Measurement and Prediction of Texture Evolution During Processing: Application to Rolled α-Uranium and Extruded Magnesium Alloys
Klein, Robert, Materials Science - School of Engineering and Applied Science, University of Virginia
Zhigilei, Leonid, Department of Materials Science and Engineering, University of Virginia
Agnew, Sean, Department of Materials Science and Engineering, University of Virginia
Xu, Baoxing, Department of Mechanical and Aerospace Engineering, University of Virginia
The goal of this thesis research was to enhance the understanding of the property and texture evolution of non-cubic metals and alloys during industrial deformation processes: cold-rolling and hot extrusion.
Low-enriched uranium foil is a candidate target material for production of the medical isotope Tc-99m. To explore the effects of thermo-mechanical processing on these foils, surrogate depleted uranium foils were prepared for study by cold-rolling a cast plate to the target thickness with intermediate annealing steps. The post-rolling texture of the samples was measured by x-ray diffraction and their microstructure was examined by optical microscopy. Continuum finite element (FE) analysis, with an isotropic J2 (von Mises) plasticity constitutive law, was used to simulate the strain history experienced by the material during rolling. This strain history was used as an input for viscoplastic self-consistent (VPSC) polycrystal plasticity simulations of texture evolution. The ultimate goal of the combined FE-VPSC framework is to allow the effect of variations in rolling process parameters on the texture to be predicted a priori. Measured texture data of uranium samples reveals that (020) poles will align with the rolling direction of the foil. An additional feature of the texture has the (002) poles aligning close to the normal direction of the foil, but tilted towards the transverse direction. Predicted textures via the FE-VPSC system capture the alignment of the (020) poles along the rolling direction, and predict that the (002) poles will align with the normal direction with a tilt towards the rolling direction. Comparison of predicted and measured textures with other texture data in the literature reveal that the effect of recrystallization must be considered.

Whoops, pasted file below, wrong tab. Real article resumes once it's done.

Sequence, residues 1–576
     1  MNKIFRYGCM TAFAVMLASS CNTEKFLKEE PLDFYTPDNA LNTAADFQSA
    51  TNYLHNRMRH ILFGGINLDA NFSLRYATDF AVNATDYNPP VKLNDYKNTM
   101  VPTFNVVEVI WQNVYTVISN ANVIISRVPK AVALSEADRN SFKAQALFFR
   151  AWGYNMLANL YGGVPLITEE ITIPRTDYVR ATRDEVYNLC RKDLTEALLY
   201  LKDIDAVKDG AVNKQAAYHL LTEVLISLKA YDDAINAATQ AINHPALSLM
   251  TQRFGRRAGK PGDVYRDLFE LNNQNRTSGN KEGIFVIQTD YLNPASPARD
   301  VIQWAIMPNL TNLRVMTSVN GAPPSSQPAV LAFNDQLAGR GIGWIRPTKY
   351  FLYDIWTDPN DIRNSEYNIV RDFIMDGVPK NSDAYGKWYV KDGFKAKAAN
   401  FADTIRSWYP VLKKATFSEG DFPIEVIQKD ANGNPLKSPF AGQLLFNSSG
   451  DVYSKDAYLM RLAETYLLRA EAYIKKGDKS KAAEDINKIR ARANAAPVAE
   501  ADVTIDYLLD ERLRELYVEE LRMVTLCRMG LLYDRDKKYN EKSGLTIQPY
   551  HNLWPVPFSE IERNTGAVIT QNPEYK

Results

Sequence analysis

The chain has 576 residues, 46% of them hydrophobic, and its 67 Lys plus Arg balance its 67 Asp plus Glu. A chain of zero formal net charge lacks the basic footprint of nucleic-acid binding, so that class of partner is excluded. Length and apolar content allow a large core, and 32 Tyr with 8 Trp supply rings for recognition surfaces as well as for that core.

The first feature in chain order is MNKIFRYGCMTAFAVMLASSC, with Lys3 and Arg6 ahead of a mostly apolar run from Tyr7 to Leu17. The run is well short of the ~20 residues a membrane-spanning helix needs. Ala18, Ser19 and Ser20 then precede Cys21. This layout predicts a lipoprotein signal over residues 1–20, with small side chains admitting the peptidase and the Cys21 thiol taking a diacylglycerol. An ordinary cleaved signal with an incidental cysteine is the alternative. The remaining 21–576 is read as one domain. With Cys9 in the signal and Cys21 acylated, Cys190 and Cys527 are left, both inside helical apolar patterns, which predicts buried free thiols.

The elastic and thermal properties were predicted based upon the functional forms of single crystal thermo-elastic properties and self-consistent polycrystal averaging. Plastic properties were predicted via VPSC’s capability to generate yield surfaces and stress-strain curves based upon inputs consisting of the single crystal plastic behavior a texture input. The property predictions reveal that the resulting foil will exhibit near elastic isotropy, moderate thermal expansion anisotropy, and strong plastic anisotropy.
Magnesium alloy tubes offer an attractive combination of strength and density. However, their poor crushing behavior under axial loads has prevented their use in crash-sensitive automotive structures such as crush rails. Previous investigations suggest that it is possible to achieve dramatic modifications to both strength and ductility of magnesium alloys through a combination of alloying, grain refinement, and texture control. The texture evolution was predicted using the viscoplastic self-consistent (VPSC) crystal plasticity model, with strain path input from continuum-based FE simulations of extrusion. Magnesium alloy tube samples were created and post-extrusion textures were measured both by x-ray diffraction and electron backscatter diffraction. The measured textures had a combination of features commonly observed in extruded and rolled magnesium textures. Pole figure plots of these textures show the (00.2) poles aligning with the radial direction of the tube as well as the (10.0) poles sweeping from the extrusion direction to the hoop direction of the tubes. Crush testing of the tubes reveal that the WE43 magnesium alloy exhibits superior energy absorption. The crush behavior of the Mg alloy tubes is discussed in terms of their crystallographic texture. Textures from the WE43 samples contain additional features, with some (00.2) poles aligning 45° from the extrusion direction, as well as along the extrusion direction. These additional features orient favorably for slip deformation and impede c-type extension twinning, respectively. This situation in which the texture causes the sample to accommodate strain by slip rather than twinning mechanisms helps to explain the absence of a twinning-type plateau in the force v. displacement curves generated via the axial crush tests performed on the WE43 samples.
MS (Master of Science)
texture, magnesium, uranium, abaqus
Y-12 National Security ComplexCANMET
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